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Global public health: a new era
  1. Douglas W Bettcher

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    Edited by R Beaglehole. Oxford University Press, 2003, pp 284, £29.50 (paperback). ISBN 0-19-851529-4

    Plotting a roadmap for public health from the global to the national/local levels, and proposing strategies for strengthening public health in the 21st century is no small task. Indeed, this book sets out to address these rather daunting objectives. Such an ambitious and complex project is a potential minefield, in that the final product can turn out to be an incoherent and disconnected jumble. However, I am pleased to report that this book avoids such pitfalls. The different chapters, covering a representative range of expert views from developing and developed countries from all regions of the world, form a seamless analysis that is a pleasure to read. In fact, I was so totally engrossed with the subject matter of this book, that I carried it everywhere with me so that I could dive in to it whenever I had some spare time.

    The first two chapters chart the global context and scope of public health and provide an overview of current global health status. The core of the book is comprised of nine chapters providing a summary for different countries and regions of the world of the trends in health status and the principal health determinants, as well as the policy implications and public health challenges for the various populations examined in these chapters. Three further chapters in the final segments of the book cover contemporary health challenge and opportunities: bioterrorism, ethical issues in global public health, and how to make public health a more people centred enterprise.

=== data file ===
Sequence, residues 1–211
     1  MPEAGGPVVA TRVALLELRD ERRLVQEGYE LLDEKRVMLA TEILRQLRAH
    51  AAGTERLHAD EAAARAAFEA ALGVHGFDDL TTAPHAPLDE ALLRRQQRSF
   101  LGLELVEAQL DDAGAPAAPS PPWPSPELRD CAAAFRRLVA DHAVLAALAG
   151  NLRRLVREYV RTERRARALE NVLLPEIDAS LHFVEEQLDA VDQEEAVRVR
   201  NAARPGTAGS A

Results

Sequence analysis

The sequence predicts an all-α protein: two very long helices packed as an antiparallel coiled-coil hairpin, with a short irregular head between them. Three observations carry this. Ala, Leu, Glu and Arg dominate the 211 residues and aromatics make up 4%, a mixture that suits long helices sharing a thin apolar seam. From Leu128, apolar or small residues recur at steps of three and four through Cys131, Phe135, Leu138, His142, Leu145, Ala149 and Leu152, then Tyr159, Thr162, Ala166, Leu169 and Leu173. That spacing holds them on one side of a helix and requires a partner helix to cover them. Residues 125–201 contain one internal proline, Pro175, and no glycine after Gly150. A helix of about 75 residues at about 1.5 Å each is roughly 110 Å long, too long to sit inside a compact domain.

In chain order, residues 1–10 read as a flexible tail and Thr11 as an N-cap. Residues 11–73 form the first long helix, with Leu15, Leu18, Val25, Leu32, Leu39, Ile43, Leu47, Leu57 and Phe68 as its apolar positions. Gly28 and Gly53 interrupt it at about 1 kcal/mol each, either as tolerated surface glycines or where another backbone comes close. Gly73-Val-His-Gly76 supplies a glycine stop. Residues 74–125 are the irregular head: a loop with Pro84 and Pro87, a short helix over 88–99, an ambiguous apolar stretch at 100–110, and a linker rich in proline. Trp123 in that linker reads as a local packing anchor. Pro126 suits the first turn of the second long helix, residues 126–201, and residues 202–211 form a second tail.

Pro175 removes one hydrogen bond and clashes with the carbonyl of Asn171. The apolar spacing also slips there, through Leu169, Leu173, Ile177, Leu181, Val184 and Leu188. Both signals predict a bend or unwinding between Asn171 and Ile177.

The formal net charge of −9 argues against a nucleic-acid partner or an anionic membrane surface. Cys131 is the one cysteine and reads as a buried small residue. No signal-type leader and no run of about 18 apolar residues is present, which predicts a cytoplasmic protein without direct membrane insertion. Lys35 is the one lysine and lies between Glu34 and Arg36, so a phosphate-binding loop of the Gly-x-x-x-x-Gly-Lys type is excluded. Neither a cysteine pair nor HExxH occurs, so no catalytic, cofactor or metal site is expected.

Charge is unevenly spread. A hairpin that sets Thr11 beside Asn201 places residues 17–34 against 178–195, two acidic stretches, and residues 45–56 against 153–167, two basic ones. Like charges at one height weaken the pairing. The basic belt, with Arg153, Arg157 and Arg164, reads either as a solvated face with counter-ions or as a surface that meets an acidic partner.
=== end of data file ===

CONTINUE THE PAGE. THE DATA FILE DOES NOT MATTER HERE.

In the final chapter, public health veterans, Robert Beaglehole and Ruth Bonita, have drafted a unique and insightful chapter that ties together nicely the various strands of this book. Despite the daunting public health context of the 21st century, weaknesses in public health infrastructures and the workforces, the double burden of communicable and non-communicable diseases, and the threats posed by globalisation the authors of this summary chapter are optimistic that a renaissance of public health may be just around the corner. However, for this to transpire the intrinsic multi-sectorality of public health must become a social and political reality: the ultimate goal of public health practitioners must be to ensure that public health is integrated into all health, economic, and social policies and programmes. For instance, the links between trade liberalisation and public health and poverty, particularly in developing countries, demonstrate that public health practitioners cannot ignore the activities and policies of other sectors. The fact that health has now crept its way up towards the top of the development agenda, and that new global funds for health have evolved in recent years bears testament to a “reasonably optimistic future” for public health improvement.

    I am convinced that in time we will look back on this book as a public health classic. It brings together an armada of intellectual heavyweights in contemporary public health, and also manages to map out a way forward amid the unpredictable and tangled realities of public health in the early 21st century. The book presents a concise, logical, and practical template for navigating the potentially troubled waters that lie ahead of us in the world of contemporary public health.

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